Mike Chawaga: This is an example of a File, Dan, of a 100 percent BLK360 in this facility.
Dan Smigrod: -I’m sorry, could you take us widescreen on that so we could see a little more detail? Yeah, thank you.
Mike Chawaga: -All right. You can see here that these traditional errors in the BLK360 is just not mastering the light like Matterport has master.
Dan Smigrod: -This is shot totally with the BLK360?
Mike Chawaga: -Correct.
Dan Smigrod: -Was this using the Matterport platform or was this done –
Mike Chawaga: -Yeah, this is using the Matterport Capture app.
Dan Smigrod: -Matterport Capture app plus a BLK360. Entirely shot with BLK360. Right now we’re seeing that photography view of it.
Mike Chawaga: -Yeah and you can see it’s a little washed out, it doesn’t get you your blue sky. Then again, this is low density. This does not have HDR turned on. If you did have HDR turned on, you could expect to get rid of all this white.
Dan Smigrod: -But to the point of the use case, we haven’t discussed the use case, but I would imagine marketing this space as is – was not high on the list.
Mike Chawaga: -No. Yeah, they just want a rough and dirty Matterport. Then the use case for this is a historical application. We need to model all of these brick soldiers up here, which you can see up here: 90 percent on this project. But they need all these things to a quarter of an inch.
Dan Smigrod: -Why?
Mike Chawaga: -for the historical board to get passed through the municipality. That’s the kind of documentation that is required to touch this older building here. Another application from a laser scanning standpoint that I can mention briefly here is we had to inspect all the steel and the base pair here. What we did was just taking videos and embedding them in here and just, you know, so if you’re servicing an architect in this space and you need to get close-up steel or they didn’t know how many plates are on that?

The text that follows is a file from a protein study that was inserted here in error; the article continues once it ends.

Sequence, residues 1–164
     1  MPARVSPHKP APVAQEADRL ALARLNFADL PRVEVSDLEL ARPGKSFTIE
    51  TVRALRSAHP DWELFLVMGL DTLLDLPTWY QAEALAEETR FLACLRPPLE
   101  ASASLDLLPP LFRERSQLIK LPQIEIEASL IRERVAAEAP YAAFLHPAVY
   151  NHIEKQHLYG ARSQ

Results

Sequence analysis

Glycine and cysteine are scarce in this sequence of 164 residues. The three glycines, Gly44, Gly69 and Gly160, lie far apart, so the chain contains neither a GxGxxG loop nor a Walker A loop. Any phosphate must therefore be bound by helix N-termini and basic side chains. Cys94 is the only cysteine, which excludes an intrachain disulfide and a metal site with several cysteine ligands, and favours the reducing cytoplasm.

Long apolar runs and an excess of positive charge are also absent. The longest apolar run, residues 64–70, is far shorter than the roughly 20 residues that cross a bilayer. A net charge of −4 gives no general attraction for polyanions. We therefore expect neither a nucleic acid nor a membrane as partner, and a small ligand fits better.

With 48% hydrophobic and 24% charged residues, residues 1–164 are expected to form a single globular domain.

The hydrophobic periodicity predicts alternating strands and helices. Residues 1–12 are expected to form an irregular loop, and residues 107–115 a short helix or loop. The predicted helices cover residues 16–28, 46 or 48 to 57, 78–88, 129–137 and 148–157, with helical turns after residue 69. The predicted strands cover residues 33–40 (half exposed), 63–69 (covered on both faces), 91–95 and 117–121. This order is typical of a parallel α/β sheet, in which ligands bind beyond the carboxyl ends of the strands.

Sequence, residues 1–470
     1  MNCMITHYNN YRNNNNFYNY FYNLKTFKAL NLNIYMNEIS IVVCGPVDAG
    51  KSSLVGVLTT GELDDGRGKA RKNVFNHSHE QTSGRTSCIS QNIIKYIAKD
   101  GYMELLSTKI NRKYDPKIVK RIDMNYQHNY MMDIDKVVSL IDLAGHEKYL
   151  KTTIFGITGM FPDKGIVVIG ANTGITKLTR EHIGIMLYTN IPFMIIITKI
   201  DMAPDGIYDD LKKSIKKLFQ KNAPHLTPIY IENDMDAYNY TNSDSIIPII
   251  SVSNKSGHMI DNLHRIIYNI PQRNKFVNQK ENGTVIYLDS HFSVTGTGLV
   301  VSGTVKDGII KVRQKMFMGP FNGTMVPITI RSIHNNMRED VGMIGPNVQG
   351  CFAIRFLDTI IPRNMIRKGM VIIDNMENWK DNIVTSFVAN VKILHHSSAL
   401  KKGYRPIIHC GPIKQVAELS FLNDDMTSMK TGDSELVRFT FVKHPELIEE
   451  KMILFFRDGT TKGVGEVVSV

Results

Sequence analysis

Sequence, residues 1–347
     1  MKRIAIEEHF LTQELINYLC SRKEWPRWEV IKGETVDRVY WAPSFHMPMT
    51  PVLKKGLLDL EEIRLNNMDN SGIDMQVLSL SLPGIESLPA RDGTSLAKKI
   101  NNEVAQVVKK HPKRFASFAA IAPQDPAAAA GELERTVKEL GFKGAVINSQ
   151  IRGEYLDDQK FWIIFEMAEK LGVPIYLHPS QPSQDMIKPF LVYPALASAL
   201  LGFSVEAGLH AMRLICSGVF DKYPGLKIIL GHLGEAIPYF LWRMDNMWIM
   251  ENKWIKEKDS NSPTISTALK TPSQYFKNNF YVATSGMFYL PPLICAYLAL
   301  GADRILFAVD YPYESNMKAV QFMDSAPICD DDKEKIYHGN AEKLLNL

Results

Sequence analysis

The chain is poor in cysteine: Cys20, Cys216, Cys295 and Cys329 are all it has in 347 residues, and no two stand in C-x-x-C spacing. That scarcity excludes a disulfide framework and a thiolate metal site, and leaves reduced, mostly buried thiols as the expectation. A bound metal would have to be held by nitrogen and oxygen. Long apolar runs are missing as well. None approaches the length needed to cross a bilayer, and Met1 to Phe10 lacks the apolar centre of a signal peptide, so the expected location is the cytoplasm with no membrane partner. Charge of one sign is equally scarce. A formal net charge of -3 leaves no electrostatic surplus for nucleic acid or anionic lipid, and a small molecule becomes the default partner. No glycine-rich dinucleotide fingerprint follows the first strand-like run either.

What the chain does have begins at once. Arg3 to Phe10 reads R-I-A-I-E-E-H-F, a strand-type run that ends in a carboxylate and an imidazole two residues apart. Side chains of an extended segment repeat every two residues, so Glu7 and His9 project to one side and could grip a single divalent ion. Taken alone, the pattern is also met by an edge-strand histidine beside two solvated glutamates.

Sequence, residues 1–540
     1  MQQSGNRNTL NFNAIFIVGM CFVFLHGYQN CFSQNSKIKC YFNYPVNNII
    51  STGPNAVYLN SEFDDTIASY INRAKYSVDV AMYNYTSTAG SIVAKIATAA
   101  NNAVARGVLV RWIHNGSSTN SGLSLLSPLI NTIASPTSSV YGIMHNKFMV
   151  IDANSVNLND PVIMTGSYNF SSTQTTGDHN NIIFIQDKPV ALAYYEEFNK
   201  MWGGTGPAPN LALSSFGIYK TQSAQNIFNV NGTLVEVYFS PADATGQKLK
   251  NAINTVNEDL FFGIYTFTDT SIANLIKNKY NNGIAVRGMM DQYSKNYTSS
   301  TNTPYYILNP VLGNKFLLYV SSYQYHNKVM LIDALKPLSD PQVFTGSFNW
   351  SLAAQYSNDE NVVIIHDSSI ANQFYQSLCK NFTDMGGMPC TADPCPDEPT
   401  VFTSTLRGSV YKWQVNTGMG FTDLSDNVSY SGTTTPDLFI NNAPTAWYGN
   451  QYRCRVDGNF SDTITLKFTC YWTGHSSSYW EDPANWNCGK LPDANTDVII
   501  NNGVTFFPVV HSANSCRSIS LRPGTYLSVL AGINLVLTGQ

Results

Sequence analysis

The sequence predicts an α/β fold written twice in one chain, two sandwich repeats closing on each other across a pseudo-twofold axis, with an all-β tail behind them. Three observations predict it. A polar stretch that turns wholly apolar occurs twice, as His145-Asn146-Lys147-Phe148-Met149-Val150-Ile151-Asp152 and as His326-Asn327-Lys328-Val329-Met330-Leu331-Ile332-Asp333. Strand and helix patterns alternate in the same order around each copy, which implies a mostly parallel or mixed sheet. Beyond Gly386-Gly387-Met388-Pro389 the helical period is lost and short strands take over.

Mike Chawaga: Yeah, sorry how many plates are on it. We’ll take close up photos like this so the architect can inspect it if you look at our architecture’s documentation workflow and they’re out there with their cell phone doing all the videos like this. If you have a semi-geo specific location of tagging the Matterport, it’s really a nice organizer for all your field data if you could just tag it in there. That’s what we had to do for all of these beams.
Dan Smigrod: -All those tags are videos?
Mike Chawaga: -All these tags are just close up videos of the conditions of these old steel here. You can see this thing is ready to come down.
Mike Chawaga: Our Revit modelers: our CAD drafting team, Dan, we’ll have that Matterport tour. Then they’ll be drafting in that .RVT file: that detail.
Dan Smigrod: -I think what I was hearing Mike was yet some more use cases. Clients needed to get the okay of the zoning board or a historic building prior to beginning construction, and to do that they needed a lot of – a very detailed level to be able to capture the architectural features of that building.
Dan Smigrod: Presumably we’re going to keep that in their final design as being part of what is historic about that building.